- The Washington Times - Thursday, February 9, 2006

Consumers only need to look at Ford’s newest midsize sedan, the Fusion, to see that family cars are looking more upscale these days, even as their price tags remain decidedly affordable.

The nicely styled, five-passenger Fusion comes to market with the fourth-lowest starting manufacturer’s suggested retail price, including destination charge, of all 2006 midsize sedans, as classified by the federal government.

Specifically, the base 2006 Fusion with 160-horsepower, 2.3-liter, four-cylinder engine and manual transmission has a starting MSRP, including destination charge, of $17,795.

Among cars in the Environmental Protection Agency’s midsize sedan class, only the Hyundai Elantra, Kia Spectra and Kia Optima from South Korea have lower base pricing.

Indeed, the base Fusion is priced lower than popular sedans such as the Toyota Camry and Honda Accord. All prices noted here are for four-cylinder-powered, four-door, base models with manual transmissions.

The top-selling Camry has a starting MSRP, including destination charge, of $19,025 for a base 2006 model, while a base 2006 Accord starts at $18,775.

The front-wheel-drive Fusion is the latest of two sedans to replace the long-lived Ford Taurus family sedan. Ford debuted its other, more expensive, new car for the family sedan market, the larger Five Hundred, in the 2005 model year.

Besides the Fusion’s attractive styling that seems to be a mix of a European rear end and a formal front with three-bar, chrome-colored grille, the Fusion impresses with its smart packaging.

The interior is cleanly designed, with controls that are understandable and well-arranged. There’s nothing odd or awkward here, and Ford officials have even included a redline on the tachometer. A couple years back, they started to delete the redline in some family cars to save money.

The test car, a top-line Fusion SEL, included optional leather-trimmed seats that looked almost British with contrasting-thread stitching. The upscale-styled front bucket seats, in particular, were comfortable, too.

This is a car that’s nearly the same overall size as the Camry and Accord on the outside, save for a slightly lower height of 4.65 feet.

This translates into a bit less front- and rear-seat headroom than the Camry and Accord offer, but hip room and shoulder room, front and rear, are about comparable. So is the rear-seat legroom.

Front-seat legroom of 42.3 inches in the Fusion tops the 41.5 inches in the Camry and is close to the 42.6 inches in the Accord.

All Fusions come with split 60/40 rear seatbacks that fold down to accommodate long items that need to extend from the trunk.

I also appreciated that the rear-seat, fold-down center armrest sat up from the seat cushion so riders don’t have to slouch to rest their arms there.

The trunk space of 15.8 cubic feet is eminently usable and ranks between the Accord’s 14 cubic feet and the 16.7 cubic feet in the Camry.

There are two engines for the Fusion.

The base, 160-horsepower, four-cylinder powerplant that produces 150 foot-pounds at 4,000 rpm is available in all three trim levels — S, SE and SEL — and with a five-speed manual and five-speed automatic.

Note the four-cylinder performance is comparable to that of the Camry’s base, 2.4-liter four cylinder but is a bit less than the 166-horsepower, 2.4-liter four that generates 160 foot-pounds of torque at 4,000 rpm in the Accord.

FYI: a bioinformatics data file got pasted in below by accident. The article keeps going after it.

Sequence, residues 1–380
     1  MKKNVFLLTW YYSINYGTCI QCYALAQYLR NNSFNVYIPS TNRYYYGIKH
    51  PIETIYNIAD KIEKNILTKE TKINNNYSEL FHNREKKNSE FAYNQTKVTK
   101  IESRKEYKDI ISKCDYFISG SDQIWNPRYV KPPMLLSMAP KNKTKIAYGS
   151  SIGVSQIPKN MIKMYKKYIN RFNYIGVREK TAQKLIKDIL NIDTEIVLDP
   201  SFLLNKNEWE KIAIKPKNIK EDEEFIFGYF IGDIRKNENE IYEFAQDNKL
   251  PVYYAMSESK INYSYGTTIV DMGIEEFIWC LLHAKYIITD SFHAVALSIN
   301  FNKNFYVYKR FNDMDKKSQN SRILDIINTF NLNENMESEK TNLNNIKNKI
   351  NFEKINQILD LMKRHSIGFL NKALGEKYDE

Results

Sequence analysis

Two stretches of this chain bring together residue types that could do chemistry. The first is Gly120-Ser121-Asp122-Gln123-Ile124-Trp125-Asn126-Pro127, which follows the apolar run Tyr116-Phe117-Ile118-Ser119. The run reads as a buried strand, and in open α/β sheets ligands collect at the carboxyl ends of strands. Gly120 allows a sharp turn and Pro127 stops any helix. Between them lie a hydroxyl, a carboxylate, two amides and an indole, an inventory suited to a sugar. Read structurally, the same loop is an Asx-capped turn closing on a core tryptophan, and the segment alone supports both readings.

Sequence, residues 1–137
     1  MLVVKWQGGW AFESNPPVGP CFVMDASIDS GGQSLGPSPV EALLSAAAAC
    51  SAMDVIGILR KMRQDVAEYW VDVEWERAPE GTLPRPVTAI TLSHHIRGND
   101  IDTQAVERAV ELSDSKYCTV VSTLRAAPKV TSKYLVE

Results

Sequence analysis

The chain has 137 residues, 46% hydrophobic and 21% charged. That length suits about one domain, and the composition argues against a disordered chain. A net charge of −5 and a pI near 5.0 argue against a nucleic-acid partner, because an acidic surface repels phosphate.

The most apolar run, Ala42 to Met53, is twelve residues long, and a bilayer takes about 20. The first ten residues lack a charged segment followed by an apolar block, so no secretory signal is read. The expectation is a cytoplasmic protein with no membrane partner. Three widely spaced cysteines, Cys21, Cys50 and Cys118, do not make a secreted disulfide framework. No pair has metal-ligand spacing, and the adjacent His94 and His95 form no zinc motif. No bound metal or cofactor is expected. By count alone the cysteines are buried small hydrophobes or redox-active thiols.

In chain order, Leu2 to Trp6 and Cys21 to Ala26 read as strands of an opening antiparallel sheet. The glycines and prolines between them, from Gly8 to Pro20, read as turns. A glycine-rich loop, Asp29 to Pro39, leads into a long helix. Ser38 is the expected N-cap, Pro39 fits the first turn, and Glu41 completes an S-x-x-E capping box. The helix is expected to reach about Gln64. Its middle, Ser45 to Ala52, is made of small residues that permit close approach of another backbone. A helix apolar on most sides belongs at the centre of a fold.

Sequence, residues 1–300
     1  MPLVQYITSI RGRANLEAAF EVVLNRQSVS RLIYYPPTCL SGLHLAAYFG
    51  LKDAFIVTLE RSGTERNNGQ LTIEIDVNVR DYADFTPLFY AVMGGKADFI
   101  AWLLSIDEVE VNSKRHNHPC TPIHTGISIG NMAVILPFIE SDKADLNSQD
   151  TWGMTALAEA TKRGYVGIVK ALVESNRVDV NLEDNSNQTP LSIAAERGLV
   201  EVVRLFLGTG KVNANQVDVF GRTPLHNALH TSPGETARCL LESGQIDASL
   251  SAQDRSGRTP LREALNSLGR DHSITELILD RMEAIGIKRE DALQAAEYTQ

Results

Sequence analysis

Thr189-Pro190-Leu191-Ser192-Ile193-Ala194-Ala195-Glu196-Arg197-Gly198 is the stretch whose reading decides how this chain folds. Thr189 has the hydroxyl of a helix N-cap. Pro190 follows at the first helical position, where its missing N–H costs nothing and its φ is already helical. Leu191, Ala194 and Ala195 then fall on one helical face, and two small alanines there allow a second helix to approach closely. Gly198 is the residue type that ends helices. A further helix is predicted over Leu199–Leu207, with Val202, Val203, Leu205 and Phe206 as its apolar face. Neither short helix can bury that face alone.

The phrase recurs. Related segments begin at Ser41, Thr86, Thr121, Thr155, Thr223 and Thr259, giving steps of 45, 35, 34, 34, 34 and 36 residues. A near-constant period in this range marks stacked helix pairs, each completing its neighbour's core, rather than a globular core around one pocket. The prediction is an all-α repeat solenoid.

The test Fusion had the uplevel, 3.0-liter, double-overhead-cam V-6 that produces 210 horsepower and 200 foot-pounds of torque at 4,750 rpm. It comes only with a six-speed automatic.

With a surprisingly tidy weight of 3,280 pounds, this V-6-powered model pulled away from stoplights smoothly and with decent get up and go. There was good passing power, too, and I merged easily into traffic — all without fuss and without any noisy, muscle-bound engine tones.

Rather, the V-6 wasn’t intrusive or annoying, as competent engine sounds emanated, especially during hard acceleration.

Overall, the interior was quiet, with wind and tire noise kept to a minimum in the test car.

The Camry V-6 with comparable engine numbers weighs a minimum of 3,340 pounds, while the 240-horsepower Accord V-6 sedan has starting weight of more than 3,400 pounds.

Nevertheless, versions of the Accord and Camry sedans have higher fuel economy ratings than the Fusion.

The best fuel economy rating for the Fusion is 24 miles a gallon in city driving and 32 mpg on the highway. This is for a four-cylinder model with automatic transmission.

Built on a slightly stretched platform of the Mazda6 sedan, the Fusion handles mostly like a car that’s smaller than it is, and drivers feel confidently connected to the road.

There’s also a stability in the ride that feels more like a European car than a domestic-branded vehicle.

I just wish that the Fusion came standard with an inclusive package of safety features. As it is, buyers of every Fusion must pay an extra $595 to get curtain air bags and side-mounted, front-seat air bags. These items are standard on the 2006 Accord.

There have been no safety recalls of the new Fusion, according to the National Highway Traffic Safety Administration.

Both with and without the optional side air bags, the car earned four out of five stars for front-seat passenger protection in frontal crash testing. Final notes: The Fusion is the sibling vehicle of the Mercury Milan, which also debuted as a 2006 model with a starting price of $18,995.

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